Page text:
I'll chime in with some wheel building theory. Note that I am not any form of engineer or describe myself as an expert, I have merely read some of the books and read some forums like rec.bicycles.tech for a long time where people like Jobst Brandt and Sheldon Brown would contribute. I have also built many wheels for myself, family, friends and customers (when I worked in various bike shops) and have found the following points to hold true.
- Spokes lose tension temporarily when they reach the bottom of the wheel when they are being ridden.
- The fewer spokes there are the more tension each spoke will lose at the bottom
- The more flexible the rim is the more tension each spoke lose at the bottom, lighter and shallower rims tend to be more flexible
- Higher tyre pressure will reduce the tension in all the spokes
- Higher loads (weight) will reduce the tension in the spokes at the bottom
- Pedalling action will reduce the tension in the 'pushing' spokes
- Impacts will reduce the tension (presumably at the bottom).
- Spokes that lose all tension cause problems such as the nipples unwinding and the spoke fatiguing and failing particularly at the elbow (and less commonly at the start of the threads)
- Nipples unwinding can be solved by thread lockers such as loctite, linseed oil etc, or by increasing the tension in the spokes
- Fatigue failures can be dramatically reduced by stress relieving the spokes but for some reason many wheel builders don't do this and few factory build wheels are
- Highly tensioned spokes tend to result in wheels that are less prone to require re-truing.
- Wheels built with highly tensioned spokes are more likely to have fatigue failures in the form of cracking around the spoke holes.
- Wheels built with highly tensioned spokes are more prone to 'potato chip' failures
- Spokes are almost never broken from too much tension.
As you can see some of these factors will combine together this explains why the most common spoke breakage is at the elbow of a pushing spoke. But the weight the wheel carries is almost certainly the largest factor. This explains why the most powerful sprinters still use low spoke count wheels, whereas 40 and 48 spoke wheels are common on touring bikes and tandems. Historically many bikes (British at least) were built with 40 spoke rear and 32 spoke front wheels to reflect the different loads. Somewhere along the way someone figured out that it was cheaper to use the same drillings for the rims and suddenly 36 spoke F&R wheels were standard even for high performance wheels. Then someone got the idea that fewer spokes were lighter and that most high performance wheels were used by people who could get away with 32 spokes. This was in the days of low profile sub 300g rims. Then came the deeper section rims, I suspect more for strength than anything else but they were also marketed as being more aero. This allowed builders to use fewer spokes again but come with a weight penalty. Sheldon said that having the same spoking F&R means that you either have a front wheel that is unnecessarily strong (and therefore heavy) or you have a rear that is not strong enough.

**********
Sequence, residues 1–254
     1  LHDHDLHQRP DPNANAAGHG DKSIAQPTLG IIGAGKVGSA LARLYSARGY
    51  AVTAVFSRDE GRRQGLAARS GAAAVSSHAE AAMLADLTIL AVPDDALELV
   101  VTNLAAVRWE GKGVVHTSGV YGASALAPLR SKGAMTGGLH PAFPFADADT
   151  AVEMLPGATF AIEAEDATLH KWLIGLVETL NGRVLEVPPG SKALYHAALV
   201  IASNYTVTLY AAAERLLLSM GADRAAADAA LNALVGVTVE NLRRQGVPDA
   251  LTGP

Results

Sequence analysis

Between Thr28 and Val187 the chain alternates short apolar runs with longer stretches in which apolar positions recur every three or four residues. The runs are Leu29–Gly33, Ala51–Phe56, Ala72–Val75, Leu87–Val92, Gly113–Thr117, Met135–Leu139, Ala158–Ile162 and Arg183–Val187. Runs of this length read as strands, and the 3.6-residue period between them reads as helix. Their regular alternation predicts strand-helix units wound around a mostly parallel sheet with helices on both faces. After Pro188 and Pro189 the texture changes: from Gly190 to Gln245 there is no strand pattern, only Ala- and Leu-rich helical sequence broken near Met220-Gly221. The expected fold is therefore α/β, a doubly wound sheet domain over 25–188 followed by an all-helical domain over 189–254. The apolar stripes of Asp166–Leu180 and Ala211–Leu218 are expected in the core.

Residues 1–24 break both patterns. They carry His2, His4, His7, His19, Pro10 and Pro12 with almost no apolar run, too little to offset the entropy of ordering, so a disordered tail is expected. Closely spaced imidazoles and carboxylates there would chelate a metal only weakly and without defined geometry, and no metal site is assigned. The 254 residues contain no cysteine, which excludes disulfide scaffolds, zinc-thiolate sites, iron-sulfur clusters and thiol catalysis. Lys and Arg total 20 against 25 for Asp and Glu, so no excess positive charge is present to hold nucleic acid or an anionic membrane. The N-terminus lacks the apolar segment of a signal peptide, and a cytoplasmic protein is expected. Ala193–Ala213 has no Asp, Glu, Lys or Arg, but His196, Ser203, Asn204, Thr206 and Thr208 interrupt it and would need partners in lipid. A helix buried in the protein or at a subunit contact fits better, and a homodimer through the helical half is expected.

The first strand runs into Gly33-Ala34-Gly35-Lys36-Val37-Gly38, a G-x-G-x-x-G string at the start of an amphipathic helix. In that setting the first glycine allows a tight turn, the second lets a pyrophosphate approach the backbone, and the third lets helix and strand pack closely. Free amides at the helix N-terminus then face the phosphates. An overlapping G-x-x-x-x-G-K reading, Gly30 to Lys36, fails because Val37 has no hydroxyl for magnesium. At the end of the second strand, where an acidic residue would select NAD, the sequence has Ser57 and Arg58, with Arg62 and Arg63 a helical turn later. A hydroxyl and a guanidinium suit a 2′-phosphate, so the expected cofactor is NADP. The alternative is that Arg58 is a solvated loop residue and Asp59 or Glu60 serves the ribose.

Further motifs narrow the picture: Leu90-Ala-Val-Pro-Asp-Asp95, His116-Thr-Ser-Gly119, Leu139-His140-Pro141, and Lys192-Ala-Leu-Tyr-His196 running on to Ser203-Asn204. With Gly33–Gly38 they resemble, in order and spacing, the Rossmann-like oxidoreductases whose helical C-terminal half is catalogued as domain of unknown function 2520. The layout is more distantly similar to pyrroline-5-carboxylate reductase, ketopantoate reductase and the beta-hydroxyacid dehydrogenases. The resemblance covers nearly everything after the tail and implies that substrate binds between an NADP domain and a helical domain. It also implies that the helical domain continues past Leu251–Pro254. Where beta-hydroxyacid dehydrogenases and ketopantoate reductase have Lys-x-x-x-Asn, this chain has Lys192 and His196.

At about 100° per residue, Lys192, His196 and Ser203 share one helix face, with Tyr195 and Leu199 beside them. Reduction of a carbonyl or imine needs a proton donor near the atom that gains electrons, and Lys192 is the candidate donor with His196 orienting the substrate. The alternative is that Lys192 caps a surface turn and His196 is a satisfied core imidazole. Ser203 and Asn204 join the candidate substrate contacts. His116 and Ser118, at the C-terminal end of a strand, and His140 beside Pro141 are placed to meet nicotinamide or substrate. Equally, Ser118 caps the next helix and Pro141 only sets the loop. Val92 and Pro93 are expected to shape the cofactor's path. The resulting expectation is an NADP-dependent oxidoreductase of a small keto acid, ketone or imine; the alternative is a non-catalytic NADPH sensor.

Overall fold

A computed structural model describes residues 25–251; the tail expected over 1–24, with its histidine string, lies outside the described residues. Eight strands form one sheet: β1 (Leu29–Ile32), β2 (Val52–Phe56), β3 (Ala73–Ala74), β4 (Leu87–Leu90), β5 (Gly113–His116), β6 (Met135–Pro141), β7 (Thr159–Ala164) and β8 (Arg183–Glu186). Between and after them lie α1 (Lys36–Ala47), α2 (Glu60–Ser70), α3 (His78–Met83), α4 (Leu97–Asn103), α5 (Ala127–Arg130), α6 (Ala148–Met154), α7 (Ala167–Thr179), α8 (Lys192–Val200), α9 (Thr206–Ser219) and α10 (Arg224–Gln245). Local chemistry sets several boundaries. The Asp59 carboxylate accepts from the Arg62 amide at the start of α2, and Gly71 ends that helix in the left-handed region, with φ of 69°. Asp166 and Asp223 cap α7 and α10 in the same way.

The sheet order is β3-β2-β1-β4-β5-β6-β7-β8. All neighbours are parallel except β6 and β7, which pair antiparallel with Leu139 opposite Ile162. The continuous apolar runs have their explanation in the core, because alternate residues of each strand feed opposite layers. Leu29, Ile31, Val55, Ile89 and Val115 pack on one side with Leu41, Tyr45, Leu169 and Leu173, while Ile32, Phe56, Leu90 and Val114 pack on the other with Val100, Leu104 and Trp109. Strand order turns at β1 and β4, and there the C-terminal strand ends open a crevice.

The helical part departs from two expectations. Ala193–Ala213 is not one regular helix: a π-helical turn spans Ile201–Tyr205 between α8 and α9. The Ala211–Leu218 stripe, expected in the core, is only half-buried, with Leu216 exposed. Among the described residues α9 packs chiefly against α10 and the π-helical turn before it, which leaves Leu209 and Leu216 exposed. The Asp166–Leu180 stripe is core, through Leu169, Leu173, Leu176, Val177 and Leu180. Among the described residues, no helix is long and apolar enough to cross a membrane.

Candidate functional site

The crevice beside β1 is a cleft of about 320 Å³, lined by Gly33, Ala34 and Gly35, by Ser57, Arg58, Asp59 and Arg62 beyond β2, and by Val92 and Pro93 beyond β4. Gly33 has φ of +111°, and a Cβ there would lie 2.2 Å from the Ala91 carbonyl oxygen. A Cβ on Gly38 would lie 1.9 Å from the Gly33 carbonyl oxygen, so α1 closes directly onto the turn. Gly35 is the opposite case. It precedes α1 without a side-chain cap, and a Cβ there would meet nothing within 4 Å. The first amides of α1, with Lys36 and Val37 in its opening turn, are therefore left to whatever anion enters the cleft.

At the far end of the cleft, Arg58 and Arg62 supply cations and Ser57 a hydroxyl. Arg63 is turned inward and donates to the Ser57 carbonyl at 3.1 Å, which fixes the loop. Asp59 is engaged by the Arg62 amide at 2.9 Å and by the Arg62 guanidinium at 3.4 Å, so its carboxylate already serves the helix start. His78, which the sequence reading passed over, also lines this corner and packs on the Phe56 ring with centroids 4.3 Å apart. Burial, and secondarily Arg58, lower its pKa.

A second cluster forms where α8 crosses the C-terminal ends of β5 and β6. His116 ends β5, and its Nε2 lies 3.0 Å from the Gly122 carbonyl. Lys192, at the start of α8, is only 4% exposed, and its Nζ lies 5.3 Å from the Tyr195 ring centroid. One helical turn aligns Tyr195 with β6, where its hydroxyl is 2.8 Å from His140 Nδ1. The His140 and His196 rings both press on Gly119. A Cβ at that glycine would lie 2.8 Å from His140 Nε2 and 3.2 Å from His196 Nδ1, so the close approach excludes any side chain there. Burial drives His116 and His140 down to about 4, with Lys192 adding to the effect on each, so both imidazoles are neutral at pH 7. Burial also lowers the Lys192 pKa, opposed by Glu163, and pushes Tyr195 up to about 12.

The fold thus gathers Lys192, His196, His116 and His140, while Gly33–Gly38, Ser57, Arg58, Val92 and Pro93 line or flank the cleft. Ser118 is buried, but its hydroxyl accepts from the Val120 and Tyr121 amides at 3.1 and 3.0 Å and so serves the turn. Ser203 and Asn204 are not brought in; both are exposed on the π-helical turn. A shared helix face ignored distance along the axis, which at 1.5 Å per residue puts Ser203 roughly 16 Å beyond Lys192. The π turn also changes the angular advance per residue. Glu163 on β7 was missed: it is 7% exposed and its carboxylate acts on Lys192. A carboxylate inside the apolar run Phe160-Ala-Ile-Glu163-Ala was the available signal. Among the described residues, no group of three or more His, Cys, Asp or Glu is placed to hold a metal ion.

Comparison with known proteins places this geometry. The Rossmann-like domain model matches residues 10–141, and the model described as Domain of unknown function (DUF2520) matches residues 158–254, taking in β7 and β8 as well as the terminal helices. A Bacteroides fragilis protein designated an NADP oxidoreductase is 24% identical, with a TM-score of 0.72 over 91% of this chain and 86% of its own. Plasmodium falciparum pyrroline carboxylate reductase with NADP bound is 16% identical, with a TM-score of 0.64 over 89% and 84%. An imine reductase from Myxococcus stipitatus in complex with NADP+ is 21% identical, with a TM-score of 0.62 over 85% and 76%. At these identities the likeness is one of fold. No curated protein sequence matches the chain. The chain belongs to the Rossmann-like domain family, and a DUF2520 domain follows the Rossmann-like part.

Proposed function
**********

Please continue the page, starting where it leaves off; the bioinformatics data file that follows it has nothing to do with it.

Velocity Deep Vs are renowned as being strong rims, but they weigh in a 520g or so. If I were to build a set of wheels with these I could probably get away with 24R, 20F spoking even though I weigh 110kg at the moment
Although I'm not particularly hard on wheels. In fact my race wheels have carbon rims that are lighter but deeper than this.
toolonglegs wrote:My Aksium lasted about 1000kms before it totally destroyed itself... Cracks on every spoke hole... Not the greatest wheel for a big guy. But this was 2006 so they may have improved.
I like Mavic wheels ( live 10 km's from the factory )... But I never keep them after the 2 year warranty is up!.
If I were to build a set of wheels for TLL for example they would end up being heavier and have more spokes than he would choose to use so it is no surprise that he goes through wheels at a steady rate. The next best solution would be to tension them up higher and hope that he breaks them through some non-warranty mis-adventure before the rims cracked through fatigue.
bardygrub wrote:Before the service i had a slight buckle in the front wheel, which i reported and they trued the wheel. After about three rides i noticed the wheel was buckled again, checked the tension of each spoke and found one compleately loose.
Wheels that have low spoke counts are more susceptible to having the nipples unscrew due to the de-tensioning at the bottom of the wheel. Once this process starts a spoke loses even more tension which is what bardygrub found. The solution is either a threadlocker to stop it unscrewing, or more tension overall. (or wheels that have either more spokes or heavier rims)
rkelsen wrote:Your tyre pressure is too high.
Increased tyre pressure does contribute to the unscrewing of the nipples by reducing the tension in the wheel overall, and possibly also by not letting the tyre cushion impacts as well. Some of rkelsen's other wheel woes sound also sound like either a lack of tension and a failure to stress relieve the spokes, the tyre pressure contributed to the lower tension. The commuter wheel also sounds as if it was afflicted by a bad batch of spokes. Shogun Metro SE's were famous for this in the early 90's and Sapim had trouble with a batch recently (2007?) too.
Part of wheelbuilding is science and you can plug in the numbers and say that for a given weight and rim you need x number of spokes in each wheel at x tension, part if it is art because some riders are just harder on wheels than others of similar weight/height/power. It is easy to overbuild wheels to make them reliable, but to put 48 spoke Deep Vs under a 45kg climber will not give them good performance. This is where the good builders (like TWE) really add value to extract maximum performance at adequate strength/reliability.
Thanks for reading such a long diatribe.